How Finer-Grained Metrics in a High Traffic Component Helped us Uncover a Code Bug

A few weeks ago, we had spurious alerts go off at fairly regular intervals, usually even at the same time of day, when our open source platform was busiest.

One of our production alerts looks at the queue size of log message chunks waiting. Those can pile up quickly when something goes wrong, delaying live log updates when they do.

This started happening out of the blue, so we were very suspicious. Unfortunately our metrics didn’t show us much, as they’re aggregated from all dynos processing the chunks. As a quick fix we increased the number of processes plowing through them, which reduced the number of occurrances but didn’t make the pain go away.

Looking at our RabbitMQ console, we noticed that some processes had less open channels than others, meaning that they get closed for some unknown reason, reducing the number of concurrent messages each process can handle, eventually causing messages to queue up.

How did we find the problem?

We pulled a trick from a previous blog post we pushed a few weeks ago, on how you can aggregate metrics across multiple Heroku processes.

We started tracking more fine-grained metrics for every dyno, based on the dyno number that’s stored in the $DYNO environment variable. We soon noticed in the metrics when certain processes suddenly dropped in their message processing volume. In the graph below, you can see that before the first set of annotations (an annotation is added every time one of our apps is deployed), there was only a single metric tracking the aggregated processing volume.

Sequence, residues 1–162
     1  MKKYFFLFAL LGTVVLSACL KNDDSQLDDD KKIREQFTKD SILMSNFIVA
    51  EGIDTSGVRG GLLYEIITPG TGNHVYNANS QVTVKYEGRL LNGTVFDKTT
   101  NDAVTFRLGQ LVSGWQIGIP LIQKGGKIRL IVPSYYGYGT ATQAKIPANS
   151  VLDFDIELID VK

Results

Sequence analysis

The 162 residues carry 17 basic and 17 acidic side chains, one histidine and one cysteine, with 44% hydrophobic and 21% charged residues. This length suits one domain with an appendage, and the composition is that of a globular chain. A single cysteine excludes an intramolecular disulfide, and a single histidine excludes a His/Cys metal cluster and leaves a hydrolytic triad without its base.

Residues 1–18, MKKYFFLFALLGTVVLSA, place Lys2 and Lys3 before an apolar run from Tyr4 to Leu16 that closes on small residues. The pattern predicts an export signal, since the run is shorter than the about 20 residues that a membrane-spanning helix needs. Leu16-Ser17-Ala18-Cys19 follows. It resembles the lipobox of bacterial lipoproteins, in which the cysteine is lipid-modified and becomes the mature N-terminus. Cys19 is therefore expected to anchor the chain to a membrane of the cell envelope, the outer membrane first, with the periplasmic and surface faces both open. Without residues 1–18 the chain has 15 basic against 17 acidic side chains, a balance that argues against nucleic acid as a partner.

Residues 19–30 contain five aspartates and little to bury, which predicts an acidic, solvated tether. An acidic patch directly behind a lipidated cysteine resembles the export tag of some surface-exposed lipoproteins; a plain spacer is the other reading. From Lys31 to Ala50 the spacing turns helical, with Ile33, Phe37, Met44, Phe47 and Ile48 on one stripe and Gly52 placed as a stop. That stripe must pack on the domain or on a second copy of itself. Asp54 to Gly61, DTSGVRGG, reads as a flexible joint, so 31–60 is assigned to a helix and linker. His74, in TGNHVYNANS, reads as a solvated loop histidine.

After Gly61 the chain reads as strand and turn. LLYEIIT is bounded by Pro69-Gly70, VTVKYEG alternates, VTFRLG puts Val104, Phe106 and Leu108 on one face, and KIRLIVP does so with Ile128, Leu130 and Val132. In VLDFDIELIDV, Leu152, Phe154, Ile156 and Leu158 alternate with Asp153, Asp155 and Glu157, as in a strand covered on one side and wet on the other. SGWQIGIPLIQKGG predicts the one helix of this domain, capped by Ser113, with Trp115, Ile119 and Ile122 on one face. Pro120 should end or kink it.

With the first two annotations we deployed the change to get more metrics detail. Normally the processing should be fairly smooth, but this graph shows erradic behaviour of a few dynos. Normally, all processes should process a somewhat equal amount of messages, as RabbitMQ distributes messages on a round-robin basis for all open channels.

Now we were able to correlate these drops with the logs, and soon we found errors of when channels were closed. We found a fix quickly and haven’t had any alerts since.

You can see where the fix was deployed around the second set of annotations on July 4th.

Having these more detailed metrics helped us figure out a problem much better and faster than our accumulated metrics did. For dynos with a high processing volume, make sure to have enough detail in your metrics to find culprits on level as low as possible.

Alert fatigue is a real problem, any increase in alerts should be warning sign for your team to investigate the issue as soon as possible. With increasing spurious alerts, attention is drawn from the important production issues.

What was the culprit?

So what caused the issue in the end?

A bug was introduced (by me!) in the message handling. When an error occured parsing a message, and we noticed these errors in the logs around the time the message processing dropped, some messages were acknowledge twice, which caused an error from RabbitMQ and closed the channel, lowering the number of threads processing messages every time.

The fix turned out to be just moving the acknowledge of the message outside of a retry block we were using to catch errors related to writing to the database. Simple, yet very much facepalm-worthy.

It all boiled down to the finer grained metrics in these high volume processes to eventually find and fix the culprit.